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Thomas Wentworth Higginson, Army Life in a Black Regiment, Chapter 4: up the St. John's. (search)
ng we had yet seen in that region, as were the neatness and thrift everywhere visible. It had been built up by Northern enterprise, and much of the property was owned by loyal men. It had been a great resort for invalids, though the Rebels had burned the large hotel which once accommodated them. Mills had also been burned; but the dwelling-houses were almost all in good condition. The quarters for the men were admirable; and I took official possession of the handsome brick house of Colonel Sunderland, the established Headquarters through every occupation, whose accommodating flag-staff had literally and repeatedly changed its colors. The seceded Colonel, reputed author of the State ordinance of Secession, was a New-Yorker by birth, and we found his law-card, issued when in practice in Easton, Washington County, New York. He certainly had good taste in planning the inside of a house, though time had impaired its condition. There was a neat office with ample bookcases and no books
Thomas Wentworth Higginson, Army Life in a Black Regiment, Index. (search)
Gen., 176, 263. Showalter, Lt.-Col., 124. Simmons, London, Corpl. 260. Small, Robert, Capt., 7, 65. Smith, Mr., 92. Sprague, A. B. R., Col., 2. Stafford, Col., 277. Stanton, E. M., Hon., 280. Steedman, Capt., 127. Stevens, Capt., 68. Stevens, Thaddeus, Hon., 287, 288. 231, Stickney, Judge, 41, 97, 107. Stockdale, W., Lt. 271. Stone, H. A., Lt., 271, 272. Strong, J. D., Lt.-Col., 65, 90,122,178, 181, 182, 269. 114, Stuard, E. S., Surg., 269. Sumner, Charles, Hon., 281. Sunderland, Col., 106. Sutton, Robert, Sergt., 41, 62, 70, 71, 75, 77, 82, 83, 86, 94, 198. Thibadeau, J. H., Capt., 270. Thompson, J. M., Capt., 270, 271 Tirrell, A. H., Lt., 272. Tonking, J. H., Capt., 270. Trowbridge, C. T., Lt.-Col., 65, 94,115, 168, 169, 172, 174, 175, 182, 237,243, 247, 258, 261, 265, 269, 270, 272, 274, 276, 286,292, 294, 9, 62, Trowbridge, J. A., Lt., 271. Tubman, Harriet, 11. 272. Twichell, J. F., Lt.-Col. 117, 122. ,270. Vendross, Robert, Corp., 265. 28. Walker, G.
mpire but for revenge on the other, in pursuit of which object every other consideration had been lost sight of by the North, and he insisted that Great Britain had a perfect right to endeavor to put a stop to such a state of things. Mr. S. Fitzgerald moved the adjournment of the debate, when-- Lord Palmerston rose and said he hoped, after the length to which the debate had gone, that the House would be disposed to come to a decision to-night on the motion of the honorable member for Sunderland. The subject they had been debating was one of the highest importance, and one also of the most delicate character — and he could not think that the postponement of the conclusion of the debate could be attended with any beneficial result, either one way or the other. There could be but one wish on the part of every man in the country with respect to the war in America, and that was that it should end. He might doubt whether any end which could be satisfactory, or which could lead to an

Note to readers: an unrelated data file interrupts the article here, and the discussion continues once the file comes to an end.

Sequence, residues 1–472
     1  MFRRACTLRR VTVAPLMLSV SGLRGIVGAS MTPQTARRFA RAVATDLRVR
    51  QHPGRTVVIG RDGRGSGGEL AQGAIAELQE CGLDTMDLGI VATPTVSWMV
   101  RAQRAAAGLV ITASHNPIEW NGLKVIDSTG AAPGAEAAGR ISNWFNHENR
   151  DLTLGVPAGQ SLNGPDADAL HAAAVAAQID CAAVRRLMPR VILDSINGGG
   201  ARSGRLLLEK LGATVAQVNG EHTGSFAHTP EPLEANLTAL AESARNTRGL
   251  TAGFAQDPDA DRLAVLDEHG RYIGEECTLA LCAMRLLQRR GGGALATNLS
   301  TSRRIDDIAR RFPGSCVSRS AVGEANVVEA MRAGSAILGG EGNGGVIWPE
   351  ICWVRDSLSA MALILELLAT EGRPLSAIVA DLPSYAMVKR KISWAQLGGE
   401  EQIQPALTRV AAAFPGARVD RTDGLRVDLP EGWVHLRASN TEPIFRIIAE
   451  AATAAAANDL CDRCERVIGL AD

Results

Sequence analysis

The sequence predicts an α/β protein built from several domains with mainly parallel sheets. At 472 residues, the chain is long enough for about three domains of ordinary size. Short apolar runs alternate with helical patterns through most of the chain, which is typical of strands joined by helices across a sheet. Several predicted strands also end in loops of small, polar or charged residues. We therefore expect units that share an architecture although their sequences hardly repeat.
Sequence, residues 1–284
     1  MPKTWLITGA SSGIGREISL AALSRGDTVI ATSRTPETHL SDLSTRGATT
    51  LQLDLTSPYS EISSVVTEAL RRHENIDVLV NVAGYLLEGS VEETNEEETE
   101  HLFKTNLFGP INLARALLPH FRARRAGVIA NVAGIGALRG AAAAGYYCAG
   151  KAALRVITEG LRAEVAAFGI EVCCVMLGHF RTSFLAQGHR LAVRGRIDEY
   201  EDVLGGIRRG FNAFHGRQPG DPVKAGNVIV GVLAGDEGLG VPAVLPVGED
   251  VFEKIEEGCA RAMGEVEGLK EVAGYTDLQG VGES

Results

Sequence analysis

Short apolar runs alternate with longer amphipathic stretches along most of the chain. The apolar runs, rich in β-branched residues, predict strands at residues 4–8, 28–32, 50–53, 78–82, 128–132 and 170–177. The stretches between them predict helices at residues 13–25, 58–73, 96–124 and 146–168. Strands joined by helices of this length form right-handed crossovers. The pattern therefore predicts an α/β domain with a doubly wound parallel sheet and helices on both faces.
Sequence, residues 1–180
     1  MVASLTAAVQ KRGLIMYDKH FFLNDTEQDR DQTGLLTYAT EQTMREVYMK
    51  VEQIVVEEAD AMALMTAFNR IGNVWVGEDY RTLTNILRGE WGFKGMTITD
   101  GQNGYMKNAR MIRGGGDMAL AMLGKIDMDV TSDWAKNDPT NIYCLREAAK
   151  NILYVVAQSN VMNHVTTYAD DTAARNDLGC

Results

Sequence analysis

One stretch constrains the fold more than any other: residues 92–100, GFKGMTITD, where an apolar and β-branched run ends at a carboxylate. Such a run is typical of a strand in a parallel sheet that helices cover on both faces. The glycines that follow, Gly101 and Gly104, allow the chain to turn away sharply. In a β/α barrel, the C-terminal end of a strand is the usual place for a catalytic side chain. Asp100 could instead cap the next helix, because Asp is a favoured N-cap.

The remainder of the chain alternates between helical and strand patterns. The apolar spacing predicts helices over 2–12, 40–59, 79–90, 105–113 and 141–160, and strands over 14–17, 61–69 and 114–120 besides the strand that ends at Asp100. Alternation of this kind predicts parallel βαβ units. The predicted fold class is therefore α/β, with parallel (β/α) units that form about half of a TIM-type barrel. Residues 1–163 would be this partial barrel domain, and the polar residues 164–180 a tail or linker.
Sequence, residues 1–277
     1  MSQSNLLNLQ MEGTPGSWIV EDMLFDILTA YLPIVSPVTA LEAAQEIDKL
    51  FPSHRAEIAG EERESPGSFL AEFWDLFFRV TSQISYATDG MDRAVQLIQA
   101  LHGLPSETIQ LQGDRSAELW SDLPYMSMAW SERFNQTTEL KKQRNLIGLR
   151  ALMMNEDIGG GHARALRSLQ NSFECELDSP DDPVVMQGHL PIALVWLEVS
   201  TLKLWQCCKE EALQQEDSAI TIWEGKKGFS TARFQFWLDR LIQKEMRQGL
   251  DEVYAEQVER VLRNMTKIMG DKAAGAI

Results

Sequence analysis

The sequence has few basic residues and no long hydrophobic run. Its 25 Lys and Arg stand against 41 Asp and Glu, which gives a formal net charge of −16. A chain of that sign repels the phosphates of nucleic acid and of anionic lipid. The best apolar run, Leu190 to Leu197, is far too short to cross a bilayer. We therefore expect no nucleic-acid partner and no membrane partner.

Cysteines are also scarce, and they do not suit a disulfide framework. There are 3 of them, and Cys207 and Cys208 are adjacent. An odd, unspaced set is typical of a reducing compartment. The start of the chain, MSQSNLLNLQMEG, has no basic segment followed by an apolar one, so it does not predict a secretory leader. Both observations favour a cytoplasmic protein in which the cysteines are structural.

the obvious remark that General McClellan should be judged by what was known then, and not by what we know now, it may be stated that there is nothing to justify the assertion that the rebel army retreated in disorganization and dismay, and that when General Barnard says, we know it could have been followed into Richmond, he claims the authority of omniscience. The reasons why the enemy were not pursued are amply and satisfactorily stated in General McClellan's Report. The Grape-vine and Sunderland bridges had been carried away. The approaches to New and Mechanicsville bridges, higher up the stream, were overflowed; and both of them were enfiladed by batteries of the enemy. To have advanced upon Richmond, the troops must have been marched from various points on the left banks of the Chickahominy to Bottom's Bridge, and over the Williamsburg road to Fair Oaks, upwards of twenty miles,--a march which, as the roads then were, could not have been made in less than two days. In short, a
Henry Morton Stanley, Dorothy Stanley, The Autobiography of Sir Henry Morton Stanley, part 2.13, chapter 2.26 (search)
, who is who? By all means, come, he said, gaily; and, as it was drawing near noon, we entered the House, and we took our seats near old Sir John Mowbray. I was fairly placed for observation, and sufficiently distant from the Radicals. Who is that gentleman opposite to me, next to John Ellis, second in support of Speaker Gully yesterday? -- That is Farquharson, of Aberdeen. That light-haired young man is Allen, of Newcastle. The gentleman on the upper bench is Sir E. Gourley, of Sunderland; and the one opposite, on the other bench, is Herbert Gladstone. But it is unnecessary to go further, you will understand his method. He pointed out quite two-score of people, with some distinctive remark about each. It was two or three minutes past twelve. A hush fell on the House, the doors were thrown open, and in walked Black Rod, Captain Butler, straight to the Bar, but daintily, as though he were treading consecrated ground. He delivered his message to the Speaker, who sat bare